3) There are small typos: p.8 ``pointss'', p.15 ``more that two'', p.16 ``Brillioun''
Requested changes
1) In the abstract the authors write about ``powerful and widely applicable approach to topology in drivendissipative systems''. If I understand correctly the approach they describe is strictly restricted to quadratic fermionic Hamiltonians. The authors should clarify why their approach is ``widely applicable'' or withdraw this sentence.
Author: Moos van Caspel on 20190128 [id 417]
(in reply to Report 1 on 20181219)
Thank you for your kind comments. Below, we try to answer the questions your raised.
1) There is indeed a dependence on the choice of rapidity band. However, we note that $\sum_i \nu_i \mod 2 = 0$. For the purpose of defining topological phases and the bulkboundary correspondence, it is therefore sufficient to focus on one band. We have added a line below Eq.26 to clarify this.
2) Yes, the width of the intermediate region scales linearly with the dissipation strength $g$, as described in section 3.1 for the undriven system. With driving, this is not simple to see analytically. The referee correctly remarks that the topologically nontrivial phase vanishes for sufficiently strong dissipation. The paper assumes a relatively weak dissipation (see footnote on page 7), which is consistent with the BornMarkov approximation that underlies the Lindblad master equation. The steady state current's dependence on $\mu$ (figure 4 bottom panels, and figure 7) will be further smoothened out if the dissipation increases, but shows no novel behavior when the gapped windows close.
3) The typos have been corrected. The last one appeared in more than one place but we have made sure that it has been amended in all places.
Author: Moos van Caspel on 20190128 [id 416]
(in reply to Report 2 on 20190104)We thank the referee for pointing out these two references. We have cited the very relevant second paper at the start of section 3 in our resubmission. While we understand that the first paper suggested is a pioneering work in the field, we believe it does not relate directly to our submission.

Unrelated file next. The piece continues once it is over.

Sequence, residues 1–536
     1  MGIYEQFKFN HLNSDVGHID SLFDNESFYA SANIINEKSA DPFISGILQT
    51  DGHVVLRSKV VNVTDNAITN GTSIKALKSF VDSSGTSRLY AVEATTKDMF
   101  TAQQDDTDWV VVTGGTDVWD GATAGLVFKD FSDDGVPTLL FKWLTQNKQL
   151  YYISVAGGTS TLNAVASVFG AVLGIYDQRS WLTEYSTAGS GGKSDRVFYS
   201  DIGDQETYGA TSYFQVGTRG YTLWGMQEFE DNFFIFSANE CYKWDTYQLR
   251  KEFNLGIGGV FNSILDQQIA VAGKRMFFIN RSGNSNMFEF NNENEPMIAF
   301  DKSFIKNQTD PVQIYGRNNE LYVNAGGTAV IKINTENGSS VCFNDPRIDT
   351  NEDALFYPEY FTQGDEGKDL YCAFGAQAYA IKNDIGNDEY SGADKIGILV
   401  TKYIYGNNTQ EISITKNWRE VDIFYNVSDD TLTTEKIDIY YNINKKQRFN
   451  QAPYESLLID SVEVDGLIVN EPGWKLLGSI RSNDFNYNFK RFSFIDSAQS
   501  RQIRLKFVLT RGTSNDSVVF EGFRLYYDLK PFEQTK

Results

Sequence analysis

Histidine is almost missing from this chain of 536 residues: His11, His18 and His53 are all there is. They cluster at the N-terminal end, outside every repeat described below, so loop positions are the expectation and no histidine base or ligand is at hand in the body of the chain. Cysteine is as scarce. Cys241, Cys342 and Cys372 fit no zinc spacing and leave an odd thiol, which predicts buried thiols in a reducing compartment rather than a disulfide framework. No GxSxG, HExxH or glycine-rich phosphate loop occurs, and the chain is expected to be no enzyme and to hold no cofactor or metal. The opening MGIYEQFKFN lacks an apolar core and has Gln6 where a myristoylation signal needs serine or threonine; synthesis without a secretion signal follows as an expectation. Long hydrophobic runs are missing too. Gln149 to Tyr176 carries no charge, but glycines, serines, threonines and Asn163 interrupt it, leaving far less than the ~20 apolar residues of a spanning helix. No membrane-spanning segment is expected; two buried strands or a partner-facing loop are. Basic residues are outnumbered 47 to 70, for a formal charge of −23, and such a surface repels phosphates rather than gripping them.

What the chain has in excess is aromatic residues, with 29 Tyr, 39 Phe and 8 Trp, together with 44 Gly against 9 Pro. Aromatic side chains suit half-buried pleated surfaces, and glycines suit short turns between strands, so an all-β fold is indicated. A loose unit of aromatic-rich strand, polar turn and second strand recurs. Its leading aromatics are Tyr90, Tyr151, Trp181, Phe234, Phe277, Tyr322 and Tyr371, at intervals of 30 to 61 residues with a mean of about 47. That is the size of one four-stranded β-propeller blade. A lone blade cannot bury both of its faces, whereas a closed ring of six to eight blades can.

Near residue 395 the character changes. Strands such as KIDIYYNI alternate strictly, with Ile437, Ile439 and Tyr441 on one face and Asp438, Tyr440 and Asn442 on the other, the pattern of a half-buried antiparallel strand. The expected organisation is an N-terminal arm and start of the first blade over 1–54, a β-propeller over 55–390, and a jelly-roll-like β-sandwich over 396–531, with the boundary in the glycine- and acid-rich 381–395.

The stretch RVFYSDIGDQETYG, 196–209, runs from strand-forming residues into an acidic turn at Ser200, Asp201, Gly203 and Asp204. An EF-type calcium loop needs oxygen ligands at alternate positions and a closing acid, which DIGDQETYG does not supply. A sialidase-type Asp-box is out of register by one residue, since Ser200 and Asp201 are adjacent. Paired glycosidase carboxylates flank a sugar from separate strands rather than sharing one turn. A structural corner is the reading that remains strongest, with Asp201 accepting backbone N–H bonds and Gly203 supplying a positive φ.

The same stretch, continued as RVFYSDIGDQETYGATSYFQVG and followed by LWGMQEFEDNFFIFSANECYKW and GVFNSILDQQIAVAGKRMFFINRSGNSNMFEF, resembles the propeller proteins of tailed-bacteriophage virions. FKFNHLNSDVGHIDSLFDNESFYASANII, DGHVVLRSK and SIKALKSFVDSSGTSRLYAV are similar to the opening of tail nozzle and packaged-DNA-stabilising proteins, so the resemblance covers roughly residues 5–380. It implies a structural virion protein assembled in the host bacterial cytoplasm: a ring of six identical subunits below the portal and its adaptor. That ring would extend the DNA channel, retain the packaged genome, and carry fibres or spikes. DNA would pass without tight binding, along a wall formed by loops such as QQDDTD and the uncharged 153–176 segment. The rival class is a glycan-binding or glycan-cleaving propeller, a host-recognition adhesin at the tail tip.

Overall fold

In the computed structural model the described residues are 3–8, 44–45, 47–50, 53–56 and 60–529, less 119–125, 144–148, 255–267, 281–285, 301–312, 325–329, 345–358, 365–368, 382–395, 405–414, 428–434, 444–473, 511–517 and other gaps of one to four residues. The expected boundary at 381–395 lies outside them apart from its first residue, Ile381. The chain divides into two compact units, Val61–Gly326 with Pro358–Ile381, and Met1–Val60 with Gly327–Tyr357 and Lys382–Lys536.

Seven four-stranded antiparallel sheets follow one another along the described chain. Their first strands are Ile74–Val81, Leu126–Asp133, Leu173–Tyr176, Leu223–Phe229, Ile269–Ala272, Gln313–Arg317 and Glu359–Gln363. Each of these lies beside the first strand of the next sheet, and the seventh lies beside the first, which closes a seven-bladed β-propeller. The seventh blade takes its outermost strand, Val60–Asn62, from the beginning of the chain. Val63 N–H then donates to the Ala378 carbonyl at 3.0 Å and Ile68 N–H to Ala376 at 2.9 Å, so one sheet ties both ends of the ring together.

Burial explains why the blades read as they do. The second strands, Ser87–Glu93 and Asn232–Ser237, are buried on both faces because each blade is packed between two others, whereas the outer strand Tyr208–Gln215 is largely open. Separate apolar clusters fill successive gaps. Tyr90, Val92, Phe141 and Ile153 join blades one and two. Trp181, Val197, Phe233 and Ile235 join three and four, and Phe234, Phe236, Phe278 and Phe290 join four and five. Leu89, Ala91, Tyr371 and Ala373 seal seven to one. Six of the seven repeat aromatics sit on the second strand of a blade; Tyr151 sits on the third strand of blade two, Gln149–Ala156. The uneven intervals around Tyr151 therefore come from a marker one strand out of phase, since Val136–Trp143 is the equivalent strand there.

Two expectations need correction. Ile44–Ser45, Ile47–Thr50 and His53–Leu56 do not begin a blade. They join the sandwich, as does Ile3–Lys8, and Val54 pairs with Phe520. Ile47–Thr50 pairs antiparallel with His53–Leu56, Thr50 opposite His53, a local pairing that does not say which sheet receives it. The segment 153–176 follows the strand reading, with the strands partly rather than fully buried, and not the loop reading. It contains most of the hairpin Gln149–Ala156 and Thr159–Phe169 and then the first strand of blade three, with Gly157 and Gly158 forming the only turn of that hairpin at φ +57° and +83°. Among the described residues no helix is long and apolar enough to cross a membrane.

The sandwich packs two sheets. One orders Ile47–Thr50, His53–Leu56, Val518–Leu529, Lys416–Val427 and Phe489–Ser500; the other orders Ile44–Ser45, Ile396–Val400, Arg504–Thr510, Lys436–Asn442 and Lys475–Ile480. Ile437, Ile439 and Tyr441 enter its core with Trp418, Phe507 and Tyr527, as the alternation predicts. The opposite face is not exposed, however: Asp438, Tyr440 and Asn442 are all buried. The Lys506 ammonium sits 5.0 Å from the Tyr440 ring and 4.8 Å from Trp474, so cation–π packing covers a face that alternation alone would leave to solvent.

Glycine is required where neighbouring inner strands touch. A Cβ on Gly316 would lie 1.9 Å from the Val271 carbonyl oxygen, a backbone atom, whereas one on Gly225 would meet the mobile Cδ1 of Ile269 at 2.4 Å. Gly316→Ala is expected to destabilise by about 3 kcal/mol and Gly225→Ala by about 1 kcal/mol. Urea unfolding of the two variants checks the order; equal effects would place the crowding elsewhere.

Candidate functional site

The two references given (Phys. Rev. Lett. 109, 130402 (2012) and New J. Phys. 15, 085001 (2013)) take an approach that is very different from ours. To the best of our understanding, they aim to construct fully dissipative systems (with no intrinsic Hamiltonian) in which the steady state(s) exhibits some form of topological order. Our paper, on the hand, seeks to understand the dynamical behavior of a known Hamiltonian system with topological order once dissipation is added. See also our reply to the next question. It is conceivable that the decaying edge modes we find are somehow related to the zeropurity modes of New J. Phys. 15, 085001 (2013), which would be an interesting direction for future work. We have added these references at the start of section 3.
This is an interesting point. The Uhlmann phase from the cited paper is used to characterize topological order for mixed states which result when the system is coupled to a thermal bath in the "traditional" way: by the thermal ensemble. Firstly, this approach has been shown in \url{https://doi.org/10.1098/rsta.2015.0231} to lead to inconsistencies in the Kitaev chain at finite temperature. Secondly, while techniques to study the topology of mixed states can be applied to the steady state of an open quantum system, and can possibly lead to interesting new types of topological order, there is no relation to the topological order of the original, closed system (tied to the ground state) if the steady state is unique. Because we are interested in the effect of dissipation on topological order of the Kitaev chain, we use an entirely different approach in which a winding number is associated with the generator of the nonunitary time evolution, rather than with any one mixed quantum state. This leads to the dynamical signatures we described, including edge modes with exponential decay.
In our case, the steady state is unique and does not contain (zerodamping) Majorana modes, as we argued in the paper. Thus, we expect that the application of the Uhlmann phase would always render a trivial topological phase. It would be indeed interesting to confirm our intuition, but this falls beyond the scope of the present paper. We have expanded upon this in the conclusions and outlook section, also including the corresponding reference.